Though the basics of SEO (Search Engine Optimization) such as the most effective ways to create links to drive search engine rankings have evolved in recent years (and content marketing has grown in importance), what many people consider to be more "traditional SEO" is still extremely useful in attracting traffic from search engines.
Technical SEO for bigger, more complex sites is a separate specialty, although there are some basic errors and problems that most sites face that even small to medium-sized companies would profit from knowing about:
The use of header response codes is a critical technological SEO problem. If you are not particularly technical, this can be a complicated issue, so you want to ensure that operating pages return the correct code to search engines (200) and that pages that are not found return a code to indicate that they are no longer present (a 404).
Incorrectly entered codes will signal to Google and other search engines that a "Page Not Found" page is a working page, making it seem thin or duplicated, or worse, you can indicate to Google that all of the site's material is 404s. You should use a domain header checker to see what status codes the pages are receiving.
· To upgrade your site to HTTPS, you'll need an SSL certificate from a Certificate Authority.
· Your site will be safe until you have purchased and installed your license.
Slow Page Speed
Users can leave if the site does not launch easily (typically in 3 seconds or less). Site speed is essential for the user interface — and Google.
How to Test:
Use Google PageSpeed Insights to identify particular site speed issues. (Make sure to test both desktop and mobile performance.)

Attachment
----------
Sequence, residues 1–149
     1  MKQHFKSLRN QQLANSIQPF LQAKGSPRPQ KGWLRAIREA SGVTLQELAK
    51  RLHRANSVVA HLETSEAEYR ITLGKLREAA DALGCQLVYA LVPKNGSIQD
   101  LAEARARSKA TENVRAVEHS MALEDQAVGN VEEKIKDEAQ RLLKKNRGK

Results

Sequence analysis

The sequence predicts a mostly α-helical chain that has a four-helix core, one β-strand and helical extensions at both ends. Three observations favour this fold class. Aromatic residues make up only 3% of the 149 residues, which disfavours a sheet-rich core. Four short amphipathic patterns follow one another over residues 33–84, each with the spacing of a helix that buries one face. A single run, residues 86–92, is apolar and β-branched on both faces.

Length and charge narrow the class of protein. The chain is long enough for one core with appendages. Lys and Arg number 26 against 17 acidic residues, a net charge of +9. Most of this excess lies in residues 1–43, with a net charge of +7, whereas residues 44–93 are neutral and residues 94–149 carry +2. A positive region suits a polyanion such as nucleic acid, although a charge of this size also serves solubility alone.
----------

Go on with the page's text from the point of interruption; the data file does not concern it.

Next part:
If you don't want to spot search, search your site with seoClarity's Page Speed tool.
· Speak with the web developer to guarantee the best possible outcome.
Multiple Versions of the Homepage
In the eyes of search engines, the website has at least two distinct copies. Failure to use the correct one will result in dramatically lower SEO and visibility scores.
· First, determine if multiple iterations of the URL effectively flow to a single standard URL. This includes HTTPS and HTTP formats, as well as versions such as "www.yourwebsite.com/home.html." Examine any possible mixture. Another method is to use "site:yoursitename.com" to see the pages are indexed and whether they have different URL copies.
· If you find different indexed models, you'll need to set up 301 redirects yourself or make your developer do it for you. In Google Search Console, you can also specify your canonical domain.
With more and more brands using dynamically generated websites, content management systems, and practicing global SEO, the phenomenon of duplicate content plagues many websites.
The issue with duplicate content is that it can "confuse" search engine crawlers and prevent the right content from being delivered to your target audience. Unlike content problems such as too little or "thin" content, which occurs when there is insufficient content on a website (at least 300 words), duplicate content may occur for a variety of reasons:
· Items from an e-commerce site's store show on different copies of the same URL.
· Printer-only websites duplicate text from the home website.
· On a global website, the same material is available in different languages.
Any of these three problems can be addressed by:
· Proper rel=canonical
· Proper configuration
· Correct use of Hreflang tags.
Other suggestions for minimizing repeated information on Google's support page include using 301 redirects, top-level domains, and restricting boilerplate content.